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What Is A Mutual Fund?

A mutual fund is an investment vehicle that combines money from many people to buy individual investments. These investments could be in stocks, bonds, or other asset classes. Mutual funds invest in hundreds or thousands of these underlying investments. This provides a convenient way to diversify a portfolio.

Mutual funds purchase these investments based on the objective of the fund. Different funds have different objectives. Some objectives are providing income, providing growth, or investing in a specific sector of the stock or bond market.

Mutual funds are categorized by what types of securities they hold. They are further separated by the specific style of investing the fund aims for. You will find funds for growth, income, growth and income, and international. Sector specific funds include technology, energy, and utilities. There are many more categories and subcategories.

Mutual funds trade differently than stocks or exchange-traded funds. Mutual funds determine their price at the end of each trading day. The reason for this is that the funds are a compilation of many investments, such as stocks. Therefore, each investment's price must be determined and then divided by the total shares that the fund owns of all investments. This is known as the fund's net asset value.

You can place a buy or sell order for a fund throughout the trading day. However, the trade will not settle until the end of the trade day. With stocks, your trade goes through when you place your order so you get the price at that moment.

You will be charged a yearly fee for investing in a mutual fund. This pays for the operating expenses the fund incurs. Some funds charge a sales load to invest in them. It is important to avoid these funds if you can. There are many great no-load funds out there in which to invest. The less costs and fees you have to pay means the more money you have to grow.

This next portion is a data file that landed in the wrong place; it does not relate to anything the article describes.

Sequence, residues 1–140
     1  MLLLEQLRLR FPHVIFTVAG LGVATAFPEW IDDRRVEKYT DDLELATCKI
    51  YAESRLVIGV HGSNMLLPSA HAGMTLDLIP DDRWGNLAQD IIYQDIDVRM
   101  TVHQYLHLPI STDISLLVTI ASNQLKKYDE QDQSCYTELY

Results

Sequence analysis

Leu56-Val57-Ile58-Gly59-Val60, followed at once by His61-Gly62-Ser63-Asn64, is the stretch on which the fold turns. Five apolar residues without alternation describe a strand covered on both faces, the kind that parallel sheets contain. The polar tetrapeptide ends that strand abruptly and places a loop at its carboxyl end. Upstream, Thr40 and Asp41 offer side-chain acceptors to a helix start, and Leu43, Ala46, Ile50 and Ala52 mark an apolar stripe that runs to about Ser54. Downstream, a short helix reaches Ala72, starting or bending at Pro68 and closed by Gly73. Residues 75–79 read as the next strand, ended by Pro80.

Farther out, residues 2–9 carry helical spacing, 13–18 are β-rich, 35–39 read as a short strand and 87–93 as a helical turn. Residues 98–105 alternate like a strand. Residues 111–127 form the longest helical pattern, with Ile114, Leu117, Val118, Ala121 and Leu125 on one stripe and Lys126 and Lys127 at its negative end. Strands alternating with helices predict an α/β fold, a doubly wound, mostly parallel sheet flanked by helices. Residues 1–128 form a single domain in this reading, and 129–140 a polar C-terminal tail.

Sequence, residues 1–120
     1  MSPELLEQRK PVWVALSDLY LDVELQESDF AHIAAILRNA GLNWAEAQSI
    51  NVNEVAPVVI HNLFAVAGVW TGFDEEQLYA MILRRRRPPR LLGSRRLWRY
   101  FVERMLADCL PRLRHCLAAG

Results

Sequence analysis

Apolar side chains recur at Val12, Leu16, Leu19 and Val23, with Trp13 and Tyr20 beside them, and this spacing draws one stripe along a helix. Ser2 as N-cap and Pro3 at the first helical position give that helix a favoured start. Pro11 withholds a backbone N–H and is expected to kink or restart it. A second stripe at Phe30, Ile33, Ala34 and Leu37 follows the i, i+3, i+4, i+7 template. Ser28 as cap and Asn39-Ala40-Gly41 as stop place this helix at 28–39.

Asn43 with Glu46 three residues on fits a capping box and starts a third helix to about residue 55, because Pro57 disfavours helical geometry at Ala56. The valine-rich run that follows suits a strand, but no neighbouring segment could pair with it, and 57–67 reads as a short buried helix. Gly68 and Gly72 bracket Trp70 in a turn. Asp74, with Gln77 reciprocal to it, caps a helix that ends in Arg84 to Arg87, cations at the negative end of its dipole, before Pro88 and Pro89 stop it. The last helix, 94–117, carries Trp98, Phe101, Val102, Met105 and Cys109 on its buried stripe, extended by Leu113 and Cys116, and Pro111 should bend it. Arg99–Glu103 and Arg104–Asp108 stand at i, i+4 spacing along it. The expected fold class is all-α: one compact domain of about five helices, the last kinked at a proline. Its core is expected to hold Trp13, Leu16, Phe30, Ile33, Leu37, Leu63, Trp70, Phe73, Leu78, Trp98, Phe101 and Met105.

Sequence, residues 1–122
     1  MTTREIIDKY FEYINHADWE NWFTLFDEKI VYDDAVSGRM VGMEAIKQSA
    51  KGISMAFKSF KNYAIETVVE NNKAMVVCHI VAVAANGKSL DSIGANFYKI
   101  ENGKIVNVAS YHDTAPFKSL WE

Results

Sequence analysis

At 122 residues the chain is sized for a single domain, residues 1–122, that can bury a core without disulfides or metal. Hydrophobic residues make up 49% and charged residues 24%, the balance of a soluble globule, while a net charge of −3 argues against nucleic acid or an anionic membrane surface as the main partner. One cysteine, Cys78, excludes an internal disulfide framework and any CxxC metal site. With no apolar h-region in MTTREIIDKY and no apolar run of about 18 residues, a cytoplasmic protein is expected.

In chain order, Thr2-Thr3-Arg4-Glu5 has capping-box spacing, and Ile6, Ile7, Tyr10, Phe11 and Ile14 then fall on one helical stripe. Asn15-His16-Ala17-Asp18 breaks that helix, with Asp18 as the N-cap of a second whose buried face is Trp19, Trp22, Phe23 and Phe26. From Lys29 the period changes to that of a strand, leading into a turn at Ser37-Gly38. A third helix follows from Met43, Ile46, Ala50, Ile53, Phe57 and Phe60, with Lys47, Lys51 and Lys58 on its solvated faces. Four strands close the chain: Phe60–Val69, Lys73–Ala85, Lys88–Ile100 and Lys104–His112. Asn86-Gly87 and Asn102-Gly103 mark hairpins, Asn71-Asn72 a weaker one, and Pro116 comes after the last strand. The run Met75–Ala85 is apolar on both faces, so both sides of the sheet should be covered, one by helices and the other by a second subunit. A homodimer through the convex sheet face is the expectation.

There are risks to investing in mutual funds. Mutual funds can lose money if the overall markets lose money. For example, your stock fund could lose money if the overall stock market is down. The same could apply to a bond fund and the direction of the overall bond market.

Another risk is manager risk. A manager is the person who chooses the investments in which a fund invests. The fund can lose money if the manager miscalculated which investments to buy, sell, or hold. Also, a fund can perform differently if the manager leaves and a new manager takes over.

Style or sector risk is another possible risk. Style refers to the overall type of stocks being invested in. A fund with an objective of income production may choose to invest in dividend-paying stocks. The fund can lose money if these types of dividend stocks are losing money. A sector, such as energy, may be doing poorly so a fund holding energy stocks may lose money at the same time.

Risks aside, mutual funds offer a lot of advantages. Diversification is the big one. Investing in a diverse group of stocks or bonds diminishes the chances that one poor performing stock will ruin your portfolio. Plus, you can begin investing with small amounts of money. All that diversification for a small amount of money is a big benefit to beginning investors.

May I recommend my ebook, Investing $10K in 2013

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This content was written by Sandra Baublitz. If you wish to use this content in any manner, you need written permission. Contact Sandra Baublitz for details.



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